Hometown Mukilteo, Wash.
Unlikely Influence Ernest Hemingway
Song on Repeat “3005” by Childish Gambino when I’m feeling fly; “Sleep” by Eric Whitacre when I want beauty; “Disorder” by Joy Division when it’s 4 a.m.
Skill You Wish You Had Eidetic memory
Creative Heroes Joss Whedon and Chris Carter
On paper, Jekeva Phillips is an enigma. It’s unusual for someone to work as often in traditionally solitary art forms (poet, novelist) as they do in wildly collaborative ones (improv comedian, aerialist, producer). In person, she’s more riot than riddle: a writer and idea machine driven by an all-encompassing enthusiasm for the new, the fun, the collaborative. It’s not that she’s interested in “bridging the gaps” between art forms and communities—she knows that those gaps are imaginary.
“They may seem like disparate mediums but they all feed each other,” Phillips says. “Seeing a character or a scene and letting that come alive, whether that’s in your brain, or on a page or a stage—that’s something that both writing and improv cultivate in me.”
Phillips decided to pursue writing while at Kamiak High School in Mukilteo, when a scene she wrote in a play got actual real-life laughs. She was hooked and followed that fire to study screenwriting, directing and creative writing at Point Park University in Pittsburgh.
As a post-grad looking for a literary community back in Seattle, Phillips got frustrated. “I found it really hard to make connections with people,” she says. She started the quarterly publication Word Lit Zine as a way to highlight and build community for young and/or new writers. Bursting with informative articles, writer profiles and local fiction and poetry, the zine is still largely a one-woman operation, which Phillips runs on top of a day job and an exhausting list of artistic activities: She also runs Bibliophilia, a hybrid storytelling festival she founded in association with the zine. Her poetry chapbook came out in 2016 and she’s writing a novel. She’s a cast member at CSz Seattle, Home of ComedySportz, based at the Atlas Theatre in Fremont. She studies aerial silks. She taught herself sign language. She’s learning graphic design.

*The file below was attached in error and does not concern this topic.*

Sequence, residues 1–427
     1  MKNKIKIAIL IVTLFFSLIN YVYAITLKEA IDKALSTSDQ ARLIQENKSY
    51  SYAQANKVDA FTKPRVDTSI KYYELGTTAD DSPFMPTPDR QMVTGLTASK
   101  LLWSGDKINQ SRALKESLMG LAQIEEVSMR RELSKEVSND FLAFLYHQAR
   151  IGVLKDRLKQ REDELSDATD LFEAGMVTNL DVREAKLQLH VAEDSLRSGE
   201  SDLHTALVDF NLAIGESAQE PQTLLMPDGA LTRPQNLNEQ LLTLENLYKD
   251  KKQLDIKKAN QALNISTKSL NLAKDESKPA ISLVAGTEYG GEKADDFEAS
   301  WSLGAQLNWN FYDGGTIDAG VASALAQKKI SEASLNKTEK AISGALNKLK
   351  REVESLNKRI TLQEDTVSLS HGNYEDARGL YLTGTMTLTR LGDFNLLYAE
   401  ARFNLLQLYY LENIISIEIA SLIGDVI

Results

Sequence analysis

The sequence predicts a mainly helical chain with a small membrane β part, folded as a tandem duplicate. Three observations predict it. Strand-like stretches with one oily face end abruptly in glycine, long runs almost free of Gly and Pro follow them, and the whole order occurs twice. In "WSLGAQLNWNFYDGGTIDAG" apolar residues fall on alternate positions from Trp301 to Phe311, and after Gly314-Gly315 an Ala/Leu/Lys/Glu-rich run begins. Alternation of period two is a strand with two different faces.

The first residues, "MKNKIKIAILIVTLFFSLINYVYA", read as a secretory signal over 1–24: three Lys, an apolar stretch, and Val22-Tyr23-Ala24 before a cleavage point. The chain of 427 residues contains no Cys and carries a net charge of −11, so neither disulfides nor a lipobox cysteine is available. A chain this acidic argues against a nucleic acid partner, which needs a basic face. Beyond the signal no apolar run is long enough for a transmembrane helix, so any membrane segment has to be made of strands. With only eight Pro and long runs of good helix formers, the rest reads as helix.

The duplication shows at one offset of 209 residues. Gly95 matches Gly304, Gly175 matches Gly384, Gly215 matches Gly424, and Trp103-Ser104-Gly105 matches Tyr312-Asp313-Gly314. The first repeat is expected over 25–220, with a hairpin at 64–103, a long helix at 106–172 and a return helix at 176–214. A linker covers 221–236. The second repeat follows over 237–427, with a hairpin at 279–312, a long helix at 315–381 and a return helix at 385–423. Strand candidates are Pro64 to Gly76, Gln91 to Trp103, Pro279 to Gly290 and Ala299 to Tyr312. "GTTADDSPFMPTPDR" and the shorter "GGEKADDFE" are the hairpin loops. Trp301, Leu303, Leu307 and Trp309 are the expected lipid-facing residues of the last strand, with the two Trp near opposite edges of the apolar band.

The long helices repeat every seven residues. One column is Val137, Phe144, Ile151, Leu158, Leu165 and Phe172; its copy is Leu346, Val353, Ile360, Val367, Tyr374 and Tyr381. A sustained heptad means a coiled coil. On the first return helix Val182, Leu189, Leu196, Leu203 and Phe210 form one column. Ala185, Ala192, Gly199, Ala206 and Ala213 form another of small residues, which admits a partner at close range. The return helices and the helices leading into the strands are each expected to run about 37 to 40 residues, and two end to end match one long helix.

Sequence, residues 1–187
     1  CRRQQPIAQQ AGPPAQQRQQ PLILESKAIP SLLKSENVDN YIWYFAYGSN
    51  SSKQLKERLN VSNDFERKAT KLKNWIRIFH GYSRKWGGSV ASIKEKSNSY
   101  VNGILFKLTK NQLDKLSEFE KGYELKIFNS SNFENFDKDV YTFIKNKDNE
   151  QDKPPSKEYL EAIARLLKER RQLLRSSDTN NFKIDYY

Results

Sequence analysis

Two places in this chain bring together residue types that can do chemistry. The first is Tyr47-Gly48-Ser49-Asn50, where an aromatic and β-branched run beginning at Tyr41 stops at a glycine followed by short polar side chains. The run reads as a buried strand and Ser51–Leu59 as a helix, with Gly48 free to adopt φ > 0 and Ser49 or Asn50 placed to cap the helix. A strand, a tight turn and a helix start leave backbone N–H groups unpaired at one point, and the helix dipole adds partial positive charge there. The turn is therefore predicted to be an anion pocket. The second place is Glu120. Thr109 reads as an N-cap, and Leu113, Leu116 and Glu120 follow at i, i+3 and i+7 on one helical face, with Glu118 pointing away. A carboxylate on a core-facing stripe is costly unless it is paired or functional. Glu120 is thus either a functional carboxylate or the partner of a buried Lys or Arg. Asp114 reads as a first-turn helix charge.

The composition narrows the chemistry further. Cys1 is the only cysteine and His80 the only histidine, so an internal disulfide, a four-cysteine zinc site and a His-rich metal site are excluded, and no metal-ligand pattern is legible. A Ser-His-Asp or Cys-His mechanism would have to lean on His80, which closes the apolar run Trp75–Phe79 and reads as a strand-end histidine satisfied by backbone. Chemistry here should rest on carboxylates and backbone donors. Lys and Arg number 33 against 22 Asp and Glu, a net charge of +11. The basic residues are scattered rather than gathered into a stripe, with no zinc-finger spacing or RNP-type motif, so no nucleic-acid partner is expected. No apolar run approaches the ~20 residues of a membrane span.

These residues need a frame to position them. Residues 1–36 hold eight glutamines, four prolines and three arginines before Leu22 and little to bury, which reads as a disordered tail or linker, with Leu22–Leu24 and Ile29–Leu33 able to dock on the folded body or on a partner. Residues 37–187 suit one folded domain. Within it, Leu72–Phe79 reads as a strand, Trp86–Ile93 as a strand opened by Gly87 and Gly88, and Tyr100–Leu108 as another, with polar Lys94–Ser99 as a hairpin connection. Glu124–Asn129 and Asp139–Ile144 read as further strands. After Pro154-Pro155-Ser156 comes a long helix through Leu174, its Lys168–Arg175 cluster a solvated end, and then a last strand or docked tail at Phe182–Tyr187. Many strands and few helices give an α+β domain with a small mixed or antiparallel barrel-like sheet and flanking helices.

But Phillips spends as much time making space for others’ work as she does her own. People ask her for organizational help and she’s happy to give it. To wit: She serves as managing director of Lit Crawl, and she’s currently collaborating with comics Kinzie Shaw and Natasha Ransom on curating INTERSECTIONS Festival, “a comedy festival focused on equity, inclusion and representation” slated for this spring.
“As artists, we’re all in this together,” she says. “It doesn’t matter if you’re a poet or a painter. We’re all feeling things right now, so let’s do what we do as artists and try and make some sense of our world through our art.”